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I am learning Scala and in the course of doing so I follow the 15 exercises of Brien (http://www.knowing.net/index.php/2006/06/16/15-exercises-to-know-a-programming-language-part-1/) In the second exercise I should implement a Haar transformation. I implemented most of it but struggled several hours with the return value of the tail recursion. As the compiler doesn't compile ++ - or more exactly the line haar(averages) ++ haar(averagesD).

  • What I am doing wrong in the recursive function?
  • Can you give me other feedback on my code?

Code:

import scala.collection.mutable.ListBuffer
import scala.annotation.tailrec

object haarWavelet2 {

  def avg(tpl:Tuple2[Double, Double]):Double = (tpl._1 + tpl._2) / 2.
  def avgD(tpl:Tuple2[Double, Double]):Double = (tpl._1 - tpl._2) / 2
  def total_avg(nums:ListBuffer[Double]):Double = nums.sum / nums.length

  @tailrec 
  def haar(nums:ListBuffer[Double]):ListBuffer[Double] = {

    if (nums.length == 1) {return nums}

    val buffer = new ListBuffer[Tuple2[Double, Double]]
    for (i <- 0 to nums.length-1 by 2) buffer.append((nums(i), nums(i+1)))

    val averages = for(tpl <- buffer) yield avg(tpl)
    val averagesD = for(tpl <- buffer) yield avgD(tpl)

    haar(averages) ++ haar(averagesD) // does not compile
    }

  def main(args: Array[String]): Unit = {
          print(haar(ListBuffer(8., 5., 6., 2.)))
  }
}
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2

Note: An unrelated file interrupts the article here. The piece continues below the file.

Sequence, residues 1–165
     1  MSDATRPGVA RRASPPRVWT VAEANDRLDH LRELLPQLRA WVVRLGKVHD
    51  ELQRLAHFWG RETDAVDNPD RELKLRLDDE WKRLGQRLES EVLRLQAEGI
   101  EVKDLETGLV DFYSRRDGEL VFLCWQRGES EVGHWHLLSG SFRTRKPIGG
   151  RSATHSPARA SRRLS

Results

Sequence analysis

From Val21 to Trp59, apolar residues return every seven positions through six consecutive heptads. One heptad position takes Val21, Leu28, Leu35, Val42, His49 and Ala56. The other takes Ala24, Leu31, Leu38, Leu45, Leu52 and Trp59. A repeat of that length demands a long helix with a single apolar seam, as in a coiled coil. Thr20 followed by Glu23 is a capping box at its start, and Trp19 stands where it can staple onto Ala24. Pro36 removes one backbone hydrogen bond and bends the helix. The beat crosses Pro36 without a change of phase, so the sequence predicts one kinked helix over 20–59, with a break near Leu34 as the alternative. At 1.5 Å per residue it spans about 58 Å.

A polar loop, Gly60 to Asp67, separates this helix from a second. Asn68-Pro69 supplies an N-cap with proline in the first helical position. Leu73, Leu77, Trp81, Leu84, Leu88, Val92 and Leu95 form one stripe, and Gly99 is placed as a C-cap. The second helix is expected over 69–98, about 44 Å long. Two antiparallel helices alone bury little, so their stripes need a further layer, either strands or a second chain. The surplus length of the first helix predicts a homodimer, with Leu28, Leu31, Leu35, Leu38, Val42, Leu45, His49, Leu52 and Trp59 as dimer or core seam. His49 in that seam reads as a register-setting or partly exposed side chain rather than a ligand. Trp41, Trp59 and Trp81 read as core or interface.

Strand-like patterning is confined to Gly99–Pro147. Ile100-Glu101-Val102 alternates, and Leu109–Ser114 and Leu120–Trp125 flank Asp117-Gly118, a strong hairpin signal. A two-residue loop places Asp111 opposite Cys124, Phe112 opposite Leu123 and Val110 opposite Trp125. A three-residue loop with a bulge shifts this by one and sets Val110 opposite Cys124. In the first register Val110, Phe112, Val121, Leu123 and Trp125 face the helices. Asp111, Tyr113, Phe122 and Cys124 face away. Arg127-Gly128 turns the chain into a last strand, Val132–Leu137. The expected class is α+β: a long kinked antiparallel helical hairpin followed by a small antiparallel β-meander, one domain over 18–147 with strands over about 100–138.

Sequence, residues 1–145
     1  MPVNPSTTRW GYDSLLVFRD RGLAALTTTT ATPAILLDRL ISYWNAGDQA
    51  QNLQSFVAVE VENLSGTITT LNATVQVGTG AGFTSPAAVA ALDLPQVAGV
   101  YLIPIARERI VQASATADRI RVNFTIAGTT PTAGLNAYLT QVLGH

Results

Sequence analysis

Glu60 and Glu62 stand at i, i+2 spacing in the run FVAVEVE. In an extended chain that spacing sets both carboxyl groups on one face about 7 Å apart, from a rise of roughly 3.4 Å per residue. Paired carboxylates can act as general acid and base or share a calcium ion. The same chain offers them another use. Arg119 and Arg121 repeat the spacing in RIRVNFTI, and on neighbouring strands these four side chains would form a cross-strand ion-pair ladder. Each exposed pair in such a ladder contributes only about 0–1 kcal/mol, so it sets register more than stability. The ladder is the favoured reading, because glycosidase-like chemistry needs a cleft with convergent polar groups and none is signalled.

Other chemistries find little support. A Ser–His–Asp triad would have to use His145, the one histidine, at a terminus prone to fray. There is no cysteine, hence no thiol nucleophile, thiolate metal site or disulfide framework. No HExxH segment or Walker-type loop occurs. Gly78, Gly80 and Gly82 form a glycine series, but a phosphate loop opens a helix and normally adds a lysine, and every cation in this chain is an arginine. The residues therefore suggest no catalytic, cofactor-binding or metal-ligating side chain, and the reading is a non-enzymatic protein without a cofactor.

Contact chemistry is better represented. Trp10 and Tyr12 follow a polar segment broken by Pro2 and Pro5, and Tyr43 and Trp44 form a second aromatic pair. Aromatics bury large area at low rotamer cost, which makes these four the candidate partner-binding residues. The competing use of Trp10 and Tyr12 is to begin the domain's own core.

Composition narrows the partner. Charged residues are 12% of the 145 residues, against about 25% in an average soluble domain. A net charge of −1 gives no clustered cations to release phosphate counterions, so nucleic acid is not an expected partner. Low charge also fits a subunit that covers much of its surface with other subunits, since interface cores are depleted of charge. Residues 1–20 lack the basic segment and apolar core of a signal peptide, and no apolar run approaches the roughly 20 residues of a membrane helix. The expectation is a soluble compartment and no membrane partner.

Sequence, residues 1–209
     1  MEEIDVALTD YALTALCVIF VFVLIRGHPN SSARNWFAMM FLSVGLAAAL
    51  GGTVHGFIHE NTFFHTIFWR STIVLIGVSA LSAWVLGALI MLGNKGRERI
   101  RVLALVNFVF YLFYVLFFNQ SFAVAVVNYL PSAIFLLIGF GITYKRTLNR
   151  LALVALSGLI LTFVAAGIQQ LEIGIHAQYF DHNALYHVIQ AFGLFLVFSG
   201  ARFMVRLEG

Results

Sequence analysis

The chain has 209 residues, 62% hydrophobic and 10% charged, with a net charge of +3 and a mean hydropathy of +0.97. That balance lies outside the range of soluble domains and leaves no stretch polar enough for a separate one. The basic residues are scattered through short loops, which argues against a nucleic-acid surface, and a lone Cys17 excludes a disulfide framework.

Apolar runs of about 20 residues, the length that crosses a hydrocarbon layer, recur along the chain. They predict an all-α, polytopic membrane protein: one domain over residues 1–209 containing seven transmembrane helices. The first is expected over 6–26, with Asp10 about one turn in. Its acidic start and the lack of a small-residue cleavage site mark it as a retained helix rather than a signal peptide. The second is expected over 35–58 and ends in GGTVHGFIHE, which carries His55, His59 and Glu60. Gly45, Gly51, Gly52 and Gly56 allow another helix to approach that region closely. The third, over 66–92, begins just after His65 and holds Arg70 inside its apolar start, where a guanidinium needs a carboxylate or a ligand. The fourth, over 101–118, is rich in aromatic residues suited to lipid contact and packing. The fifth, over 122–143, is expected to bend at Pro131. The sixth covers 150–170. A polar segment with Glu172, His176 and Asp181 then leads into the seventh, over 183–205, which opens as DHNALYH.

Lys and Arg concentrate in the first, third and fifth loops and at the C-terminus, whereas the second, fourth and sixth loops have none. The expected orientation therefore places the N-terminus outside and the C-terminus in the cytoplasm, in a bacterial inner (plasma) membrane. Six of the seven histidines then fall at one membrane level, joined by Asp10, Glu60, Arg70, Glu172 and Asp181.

What I am doing wrong in the recursive function? You are enforcing tail recursion. By definition tail recursive call has to be the last one statement to be evaluated, but in your case the last statement is ++ (make recursive call, in fact two of them and only then process results) –  om-nom-nom Jan 14 at 21:32
    
Any reason you're using a mutable ListBuffer here? Recursive functions scream "immutable" to me. Vector has a very good append speed. –  KChaloux Jan 16 at 22:22

2 Answers 2

up vote 3 down vote accepted

Tail recursion has the following form:

def func(x..., value){
  if(condition) return value
  else func(y..., value')
}

If you look at this form, what you see is that in order to evaluate func all I need is func itself but with a different set of arguments. Therefore, there is only one item to be placed on the stack and it can easily be transformed into an iterative algorithm.

What you've implemented looks like this:

def func(x...){
  if(condition) return value
  else func(y...) + func(z...)

Notice that in order to evaluate func that you must first evaluate func, an operator + and then 'func' again. So that's 3 items that need to be placed on the stack with a very real order of evaluation which is not amenable to tail call optimization.

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Following @wheaties structure above, the tail recursive function would look like this,

@tailrec 
def haar(nums:ListBuffer[Double]): ListBuffer[Double] = {

    def haarAcc (nums:ListBuffer[Double], acc:ListBuffer[Double]): ListBuffer[Double] = {
      if (nums.length == 1) return acc

      // val nums_updated ...

      haarAcc(nums_updated, averages ++ averagesD) 
    }

    haarAcc(nums, ListBuffer())
}
share|improve this answer
    
To ensure termination define nums.length in haarAcc as monotonically decreasing for successive call. –  enzyme Jan 15 at 11:17

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